NOUNS AND AGREEMENT
It’s time for a new free English lesson! In this English lesson, you will learn more about specific types of nouns and their agreement with verbs. By now you already know a few basic things about agreement. In case you’re new here, check out the blog post on Agreement. However, there are certain groups of nouns which you need to pay special attention to. These nouns sometimes cause problems even to native speakers, so don’t you worry! ☺
Before I go on to explaining each group in details, here is a list of these groups of nouns:
1. Plural nouns that take plural verbs
2. Plural nouns that take singular verbs
3. Nouns ending in -s in both singular and plural
4. Group/collective nouns:
a) plurals with no singular forms
b) singular nouns with singular/plural verbs
5. Pair nouns
Keep reading and learn MORE TIPS TO IMPROVE your English Grammar.
1. PLURAL NOUNS AND PLURAL VERBS
Some nouns are always plural so they take plural verbs. Some nouns of this kind are: annals, belongings, clothes, congratulations, earnings, goods, odds (=probability), outskirts (=outer parts of a town), particulars (=details), premises (=building), remains (=what is left), surroundings (=what is around you), thanks, troops (=soldiers), whereabouts, etc.
All of our belongings were stolen.
Your clothes are wet.
This is a great achievement and congratulations are extended to all concerned.
The odds are that he is no longer alive.
Thanks are due to all those who worked so hard for so many months.
The troops were ordered back to the barracks.
Her whereabouts remain unknown.
Some nouns have a plural-only form which has a different meaning from the singular or uncountable form.
2. PLURAL NOUNS AND SINGULAR VERBS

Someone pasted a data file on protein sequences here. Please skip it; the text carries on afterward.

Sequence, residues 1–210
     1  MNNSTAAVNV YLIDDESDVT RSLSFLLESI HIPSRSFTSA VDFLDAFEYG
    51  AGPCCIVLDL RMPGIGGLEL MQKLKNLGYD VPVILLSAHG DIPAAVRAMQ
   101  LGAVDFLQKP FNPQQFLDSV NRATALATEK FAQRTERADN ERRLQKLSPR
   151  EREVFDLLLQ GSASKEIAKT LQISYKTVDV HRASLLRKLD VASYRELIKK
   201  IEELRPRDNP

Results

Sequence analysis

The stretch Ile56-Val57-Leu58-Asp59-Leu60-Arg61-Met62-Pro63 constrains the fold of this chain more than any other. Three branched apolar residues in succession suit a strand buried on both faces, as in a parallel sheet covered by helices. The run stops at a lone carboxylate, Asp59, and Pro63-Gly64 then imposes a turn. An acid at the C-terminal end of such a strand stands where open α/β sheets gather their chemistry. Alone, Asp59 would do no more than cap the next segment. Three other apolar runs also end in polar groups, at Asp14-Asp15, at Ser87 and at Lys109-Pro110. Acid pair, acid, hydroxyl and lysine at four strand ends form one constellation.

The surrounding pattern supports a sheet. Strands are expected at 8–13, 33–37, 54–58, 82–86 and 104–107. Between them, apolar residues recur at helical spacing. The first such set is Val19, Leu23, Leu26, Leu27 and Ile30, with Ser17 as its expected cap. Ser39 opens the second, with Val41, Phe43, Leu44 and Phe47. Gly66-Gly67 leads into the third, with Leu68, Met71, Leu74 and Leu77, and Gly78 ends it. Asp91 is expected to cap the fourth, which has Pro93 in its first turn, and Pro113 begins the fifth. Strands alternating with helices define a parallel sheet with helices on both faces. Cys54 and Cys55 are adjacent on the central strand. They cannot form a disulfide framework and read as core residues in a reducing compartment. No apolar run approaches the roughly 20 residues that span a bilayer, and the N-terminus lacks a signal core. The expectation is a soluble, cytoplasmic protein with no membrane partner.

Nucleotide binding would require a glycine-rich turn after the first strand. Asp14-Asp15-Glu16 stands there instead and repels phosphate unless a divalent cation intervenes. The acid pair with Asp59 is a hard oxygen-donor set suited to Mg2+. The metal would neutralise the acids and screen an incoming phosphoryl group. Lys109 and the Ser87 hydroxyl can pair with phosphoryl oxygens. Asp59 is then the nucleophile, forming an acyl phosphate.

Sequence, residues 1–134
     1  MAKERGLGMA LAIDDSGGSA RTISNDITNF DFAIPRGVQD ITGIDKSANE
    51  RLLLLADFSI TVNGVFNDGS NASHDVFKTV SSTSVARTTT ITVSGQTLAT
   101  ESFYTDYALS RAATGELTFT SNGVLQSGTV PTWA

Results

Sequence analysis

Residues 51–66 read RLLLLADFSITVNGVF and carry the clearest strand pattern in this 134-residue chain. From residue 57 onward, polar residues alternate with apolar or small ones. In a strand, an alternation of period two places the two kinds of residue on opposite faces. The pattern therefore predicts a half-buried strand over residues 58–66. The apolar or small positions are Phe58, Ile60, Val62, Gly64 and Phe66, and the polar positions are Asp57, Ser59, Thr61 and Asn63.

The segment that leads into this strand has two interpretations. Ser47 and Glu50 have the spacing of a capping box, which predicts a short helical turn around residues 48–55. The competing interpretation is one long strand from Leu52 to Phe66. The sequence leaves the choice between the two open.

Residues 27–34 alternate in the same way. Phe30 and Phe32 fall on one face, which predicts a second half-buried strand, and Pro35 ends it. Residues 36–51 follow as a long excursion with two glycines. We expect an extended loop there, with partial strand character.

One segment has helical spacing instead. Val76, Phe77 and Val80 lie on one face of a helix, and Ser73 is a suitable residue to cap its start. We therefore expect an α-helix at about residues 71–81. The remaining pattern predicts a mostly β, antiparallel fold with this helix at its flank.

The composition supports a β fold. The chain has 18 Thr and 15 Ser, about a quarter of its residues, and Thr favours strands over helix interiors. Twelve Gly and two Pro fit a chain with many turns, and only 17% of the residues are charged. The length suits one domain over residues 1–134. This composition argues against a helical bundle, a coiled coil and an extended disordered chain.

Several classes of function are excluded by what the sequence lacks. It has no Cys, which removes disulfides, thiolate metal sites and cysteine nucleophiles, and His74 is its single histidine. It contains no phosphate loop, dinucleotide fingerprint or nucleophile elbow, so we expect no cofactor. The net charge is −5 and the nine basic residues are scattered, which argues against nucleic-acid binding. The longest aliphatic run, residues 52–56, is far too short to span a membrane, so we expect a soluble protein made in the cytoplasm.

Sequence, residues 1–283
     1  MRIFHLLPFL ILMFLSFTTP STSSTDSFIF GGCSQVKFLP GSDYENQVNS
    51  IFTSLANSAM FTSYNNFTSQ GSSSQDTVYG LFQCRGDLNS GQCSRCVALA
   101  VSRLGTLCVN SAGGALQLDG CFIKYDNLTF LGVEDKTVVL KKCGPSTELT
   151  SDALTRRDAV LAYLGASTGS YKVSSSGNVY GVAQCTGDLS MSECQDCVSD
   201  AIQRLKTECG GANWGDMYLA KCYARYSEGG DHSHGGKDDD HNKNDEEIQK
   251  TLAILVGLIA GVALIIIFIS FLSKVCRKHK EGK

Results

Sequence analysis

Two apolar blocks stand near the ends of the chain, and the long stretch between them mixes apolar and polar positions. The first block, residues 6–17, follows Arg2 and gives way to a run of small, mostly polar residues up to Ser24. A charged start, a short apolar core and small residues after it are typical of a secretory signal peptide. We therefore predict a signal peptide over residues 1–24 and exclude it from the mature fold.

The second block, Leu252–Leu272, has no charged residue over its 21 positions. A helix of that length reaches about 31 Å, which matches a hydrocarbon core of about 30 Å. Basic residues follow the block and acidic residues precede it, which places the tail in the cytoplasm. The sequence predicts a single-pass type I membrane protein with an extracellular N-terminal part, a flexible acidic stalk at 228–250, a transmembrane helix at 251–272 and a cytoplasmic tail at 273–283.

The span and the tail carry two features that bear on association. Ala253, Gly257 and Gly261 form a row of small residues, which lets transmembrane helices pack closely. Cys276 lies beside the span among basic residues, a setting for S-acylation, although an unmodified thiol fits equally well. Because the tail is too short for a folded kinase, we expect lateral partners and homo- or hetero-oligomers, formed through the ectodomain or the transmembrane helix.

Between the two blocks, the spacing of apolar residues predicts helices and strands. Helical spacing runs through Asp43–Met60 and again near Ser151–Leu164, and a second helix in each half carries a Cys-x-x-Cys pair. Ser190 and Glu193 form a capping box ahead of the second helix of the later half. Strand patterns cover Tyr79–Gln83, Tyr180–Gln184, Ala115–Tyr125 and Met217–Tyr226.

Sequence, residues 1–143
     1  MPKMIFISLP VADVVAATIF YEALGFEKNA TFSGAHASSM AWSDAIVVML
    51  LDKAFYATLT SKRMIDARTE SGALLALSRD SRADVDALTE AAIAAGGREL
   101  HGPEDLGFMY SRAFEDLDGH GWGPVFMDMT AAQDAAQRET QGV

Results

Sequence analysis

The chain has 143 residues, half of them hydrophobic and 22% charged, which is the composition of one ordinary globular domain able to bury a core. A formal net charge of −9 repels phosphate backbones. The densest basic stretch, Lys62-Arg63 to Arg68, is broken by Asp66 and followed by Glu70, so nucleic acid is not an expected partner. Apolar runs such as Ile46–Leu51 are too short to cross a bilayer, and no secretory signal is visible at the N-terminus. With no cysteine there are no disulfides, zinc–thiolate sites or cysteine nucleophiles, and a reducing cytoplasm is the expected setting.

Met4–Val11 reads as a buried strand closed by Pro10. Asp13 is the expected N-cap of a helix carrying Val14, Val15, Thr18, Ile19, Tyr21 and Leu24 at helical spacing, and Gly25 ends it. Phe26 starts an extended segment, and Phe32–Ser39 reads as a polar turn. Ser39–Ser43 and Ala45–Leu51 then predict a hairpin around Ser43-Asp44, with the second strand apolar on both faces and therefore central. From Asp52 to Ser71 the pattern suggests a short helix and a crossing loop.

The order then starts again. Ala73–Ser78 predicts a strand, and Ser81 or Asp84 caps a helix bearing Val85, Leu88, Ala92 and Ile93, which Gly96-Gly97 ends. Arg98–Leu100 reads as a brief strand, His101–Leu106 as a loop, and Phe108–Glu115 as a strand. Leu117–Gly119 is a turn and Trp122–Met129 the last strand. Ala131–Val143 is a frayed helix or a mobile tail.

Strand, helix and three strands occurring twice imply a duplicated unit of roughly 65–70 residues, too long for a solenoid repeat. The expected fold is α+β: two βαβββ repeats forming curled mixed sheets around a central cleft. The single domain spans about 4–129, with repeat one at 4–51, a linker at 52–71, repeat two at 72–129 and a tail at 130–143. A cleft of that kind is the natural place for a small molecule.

There are some nouns which look plural because they end in -s, but normally take a singular verb. Nouns of this kind include:
● Some of the nouns mentioned can take plural verb when they have a more concrete or specific meaning.
His politics are very right-wing. (=his political views)
These darts are quite heavy. (=the objects, not the game)
The statistics are available online. (=some specific figures)
Poor classroom acoustics create a negative learning environment for many students. (=audibility in the classroom)
The teacher told him that his mathematics were well below the standard. (=his understanding of mathematics or his results)
3. NOUNS ENDING IN -s IN BOTH SINGULAR AND PLURAL
There are also a few nouns which end in -s and can be either singular or plural. Some are barracks (=a building where soldiers live), crossroads, headquarters, means, series, species, works (=a factory).
● Barracks, headquarters, and works can take a plural verb even when they refer to a single building or a single group of buildings.
The company’s headquarters was/were close to our house.
4. GROUP/COLLECTIVE NOUNS
Group nouns refer to a group of people. They are also sometimes called ‘collective nouns’. After a singular group noun, the verb is usually singular, but it can also be in plural. We use the singular to talk about the group as a whole, while a plural verb is more likely used when we see the group as consisted of individuals.
The crowd was/were excited to see Rihanna perform.
o Here is a tip for you! ☺ Use singular verbs because this is much more common than the use of the plural.
Group nouns can be divided into:
a) Plurals with no singular form – these take plural verbs
arms, belongings, cattle, clothes, congratulations, contents, customs, earnings, funds, goods, groceries, manners, oats, odds, outskirts, people, police, premises, regards, remains, savings, stairs (a flight of stairs), steps (a flight of steps), surroundings, thanks, the Middle Ages (a period of history), troops
b) Singular nouns with singular/plural verbs
audience, bank, choir, class, club, committee, community, company, crowd, England (the football team), family, firm, government, group, Harrods, jury, management, ministry, orchestra, party (political party), population, press, public, staff, school, team, the BBC, the UN, union
o Remember! Singular verbs are used when the group is seen as a whole. Plural verbs are used when the group is seen as individual people.
o Plural verbs are usually used in British English.
o With plural verbs, use which in relative clauses, not who!
o Sometimes plural and singular forms are mixed, as in The group gave its first concert in June and they are already booked up for the next six months.